There is a subset of clients who perhaps want this sort of doula—someone to rub their back while they get the status quo kind of care. But there is also a huge swath of birthing people who want a doula who is willing to stand for something, and who is there to guide them, coach them, and stand beside them as they make their own choices. And until hospitals become radically consent-based, or until women start birthing at home in much larger numbers, this second type of doula is the kind that women need.

Licensing Means Deflecting Personal Responsibility

Licensure is a process of looking outside for validation. How are we supposed to support our clients to look inside for the power and authority over their own body and birth when we weren’t able to find that ourselves?

If you can’t imagine calling yourself a doula without a piece of paper to point to, then you have some serious work to do around your self-worth. Study, educate yourself, never stop educating yourself, of course!

Work with amazing birth work mentors. You will know when you are ready, and you can look to those mentors to help you decide when you are ready if you need that additional support. The process is messy and non-linear, which is why a clear cut (very masculine) “now I’m certified” moment is alluring to so many.

But birth, my friends, is not linear, and neither is birth work.

Another argument is that certification makes us accountable. I am all for the idea of accountability, but accountability to who? DONA? How about being accountable to the clients you work with? To the community where you live? This taps into a much larger conversation about restorative justice and strengthening our communities so that we are able to solve our own problems.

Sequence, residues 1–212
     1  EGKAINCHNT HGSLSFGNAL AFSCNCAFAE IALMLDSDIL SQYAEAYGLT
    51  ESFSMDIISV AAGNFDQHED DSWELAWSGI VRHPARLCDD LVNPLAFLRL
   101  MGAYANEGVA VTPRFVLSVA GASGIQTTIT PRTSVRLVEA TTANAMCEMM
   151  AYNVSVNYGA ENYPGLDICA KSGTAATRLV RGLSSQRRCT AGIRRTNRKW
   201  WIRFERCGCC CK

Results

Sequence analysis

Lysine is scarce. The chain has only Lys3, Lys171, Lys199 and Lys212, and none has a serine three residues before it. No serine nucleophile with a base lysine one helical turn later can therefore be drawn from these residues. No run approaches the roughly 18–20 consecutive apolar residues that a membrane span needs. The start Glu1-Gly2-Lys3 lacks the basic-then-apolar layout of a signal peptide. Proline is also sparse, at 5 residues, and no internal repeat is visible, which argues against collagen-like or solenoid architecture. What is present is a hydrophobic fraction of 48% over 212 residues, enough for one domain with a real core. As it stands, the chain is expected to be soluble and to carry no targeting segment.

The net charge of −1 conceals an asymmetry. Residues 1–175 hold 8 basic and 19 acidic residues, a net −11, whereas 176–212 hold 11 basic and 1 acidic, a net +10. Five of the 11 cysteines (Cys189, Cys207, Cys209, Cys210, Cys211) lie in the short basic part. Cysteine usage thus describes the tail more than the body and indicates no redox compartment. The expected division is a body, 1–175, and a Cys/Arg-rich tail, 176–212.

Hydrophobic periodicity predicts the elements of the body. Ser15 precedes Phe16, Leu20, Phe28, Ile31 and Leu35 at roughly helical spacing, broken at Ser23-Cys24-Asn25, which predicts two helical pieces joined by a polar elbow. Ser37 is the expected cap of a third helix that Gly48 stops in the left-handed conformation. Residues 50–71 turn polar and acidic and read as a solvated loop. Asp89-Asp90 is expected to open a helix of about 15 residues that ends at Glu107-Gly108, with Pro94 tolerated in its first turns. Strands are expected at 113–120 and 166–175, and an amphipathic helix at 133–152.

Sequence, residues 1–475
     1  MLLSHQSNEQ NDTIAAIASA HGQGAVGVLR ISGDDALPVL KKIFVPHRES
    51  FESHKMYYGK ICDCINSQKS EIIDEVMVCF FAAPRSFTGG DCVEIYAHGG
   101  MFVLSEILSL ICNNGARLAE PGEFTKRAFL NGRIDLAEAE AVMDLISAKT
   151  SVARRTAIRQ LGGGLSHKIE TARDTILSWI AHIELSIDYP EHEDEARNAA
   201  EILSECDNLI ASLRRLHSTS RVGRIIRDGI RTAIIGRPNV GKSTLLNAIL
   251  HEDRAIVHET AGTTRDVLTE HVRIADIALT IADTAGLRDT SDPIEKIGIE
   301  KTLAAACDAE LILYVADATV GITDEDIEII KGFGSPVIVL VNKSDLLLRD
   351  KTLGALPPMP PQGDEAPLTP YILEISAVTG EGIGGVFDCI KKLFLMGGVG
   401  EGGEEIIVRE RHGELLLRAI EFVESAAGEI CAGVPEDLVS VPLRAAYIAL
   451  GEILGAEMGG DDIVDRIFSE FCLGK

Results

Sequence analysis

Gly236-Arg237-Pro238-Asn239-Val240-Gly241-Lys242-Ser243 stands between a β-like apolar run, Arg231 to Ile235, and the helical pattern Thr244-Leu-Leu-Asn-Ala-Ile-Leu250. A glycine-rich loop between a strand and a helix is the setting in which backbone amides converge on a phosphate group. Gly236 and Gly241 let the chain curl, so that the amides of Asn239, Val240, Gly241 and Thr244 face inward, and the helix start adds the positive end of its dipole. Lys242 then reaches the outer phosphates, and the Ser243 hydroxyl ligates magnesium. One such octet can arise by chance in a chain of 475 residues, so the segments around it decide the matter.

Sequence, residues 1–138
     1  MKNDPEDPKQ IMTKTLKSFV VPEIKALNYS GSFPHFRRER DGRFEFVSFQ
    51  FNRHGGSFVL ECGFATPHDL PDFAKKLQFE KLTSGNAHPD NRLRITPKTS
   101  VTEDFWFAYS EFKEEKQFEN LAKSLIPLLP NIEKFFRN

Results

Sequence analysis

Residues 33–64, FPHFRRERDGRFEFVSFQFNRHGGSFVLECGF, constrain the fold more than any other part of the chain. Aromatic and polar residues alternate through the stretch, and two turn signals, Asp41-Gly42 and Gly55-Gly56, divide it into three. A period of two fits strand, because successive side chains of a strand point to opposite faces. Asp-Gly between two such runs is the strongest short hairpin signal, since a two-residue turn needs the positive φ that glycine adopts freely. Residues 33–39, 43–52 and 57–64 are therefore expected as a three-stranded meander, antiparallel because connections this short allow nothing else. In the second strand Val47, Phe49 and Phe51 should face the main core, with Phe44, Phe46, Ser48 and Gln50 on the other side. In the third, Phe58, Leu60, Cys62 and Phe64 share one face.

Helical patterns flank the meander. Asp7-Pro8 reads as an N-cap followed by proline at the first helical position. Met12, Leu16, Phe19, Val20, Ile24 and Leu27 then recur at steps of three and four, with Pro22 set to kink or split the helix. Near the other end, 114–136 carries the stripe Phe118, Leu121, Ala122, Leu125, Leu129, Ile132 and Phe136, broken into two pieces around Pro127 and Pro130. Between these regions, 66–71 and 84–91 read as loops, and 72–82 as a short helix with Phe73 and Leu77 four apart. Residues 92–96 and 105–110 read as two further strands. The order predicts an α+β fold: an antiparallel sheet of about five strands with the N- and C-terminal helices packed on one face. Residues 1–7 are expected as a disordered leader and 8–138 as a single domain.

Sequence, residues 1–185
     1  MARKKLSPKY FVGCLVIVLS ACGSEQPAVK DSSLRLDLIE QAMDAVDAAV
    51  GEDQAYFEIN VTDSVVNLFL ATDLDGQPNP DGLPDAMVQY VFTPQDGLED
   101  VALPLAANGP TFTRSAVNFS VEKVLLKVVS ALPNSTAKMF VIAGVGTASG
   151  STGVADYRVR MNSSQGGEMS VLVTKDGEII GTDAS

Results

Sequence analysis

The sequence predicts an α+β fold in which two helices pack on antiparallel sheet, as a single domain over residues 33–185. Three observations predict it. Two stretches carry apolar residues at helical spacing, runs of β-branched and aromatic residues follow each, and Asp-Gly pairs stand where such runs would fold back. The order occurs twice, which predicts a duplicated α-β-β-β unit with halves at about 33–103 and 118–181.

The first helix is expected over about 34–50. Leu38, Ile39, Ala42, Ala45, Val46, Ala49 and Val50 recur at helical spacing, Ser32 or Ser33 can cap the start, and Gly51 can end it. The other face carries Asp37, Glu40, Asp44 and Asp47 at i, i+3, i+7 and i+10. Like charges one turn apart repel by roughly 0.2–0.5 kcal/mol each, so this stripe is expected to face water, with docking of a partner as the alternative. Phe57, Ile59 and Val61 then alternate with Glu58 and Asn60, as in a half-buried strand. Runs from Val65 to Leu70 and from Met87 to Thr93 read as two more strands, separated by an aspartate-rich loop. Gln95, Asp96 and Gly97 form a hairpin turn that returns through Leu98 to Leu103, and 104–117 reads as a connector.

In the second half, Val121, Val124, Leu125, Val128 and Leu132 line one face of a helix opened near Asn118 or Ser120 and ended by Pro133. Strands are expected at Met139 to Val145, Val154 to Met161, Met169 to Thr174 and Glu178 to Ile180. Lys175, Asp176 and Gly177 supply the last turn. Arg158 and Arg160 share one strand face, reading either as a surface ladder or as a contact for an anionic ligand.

This may seem unrelated to birth, but it isn’t.

Jump back to the start of this article, and you’ll be reminded that we are partially in this mess because of legislation that was meant to remove community autonomy around justice, and instead have the State be in charge of sanctioning and punishing midwives. To restore health and wholeness to birth, we need to create healthy, whole communities that can be in charge of their own accountability processes.

This is not to say that all of us need to spend our time working on these issues (shout out to all the people who do work on these issues), but that you need to be aware of them, and how you fit into these other moving pieces.

Birth Work is Part of a Larger Revolution

If birth work isn’t part of a larger vision of social change for you, then I would invite you to spend some time thinking about that. Do you want to just help some clients have marginally better births? Or do you want to see the system turned on its head, restoring and honoring the life-bring-ing power of women? This revolution is not about needing more evidence, or more legitimacy to try to help women get their voices heard in the hospital. It certainly is not about a certification.

If you’re on our team, which is a RADICAL shift towards love and life, then it is about envisioning and leading the way towards that fundamentally more life-affirming society. That would include a radical shift in all of our institutions—hospitals, prisons, policing, schools, and the government structure itself. If your birth work doesn’t include looking at all of those areas, it will feel hopeless, and like you are trying to put a bandaid on a fire hydrant.

Hang out with us online at Indie Birth, where we are turning the fire hose off, and restoring balance to the sacred birthing year.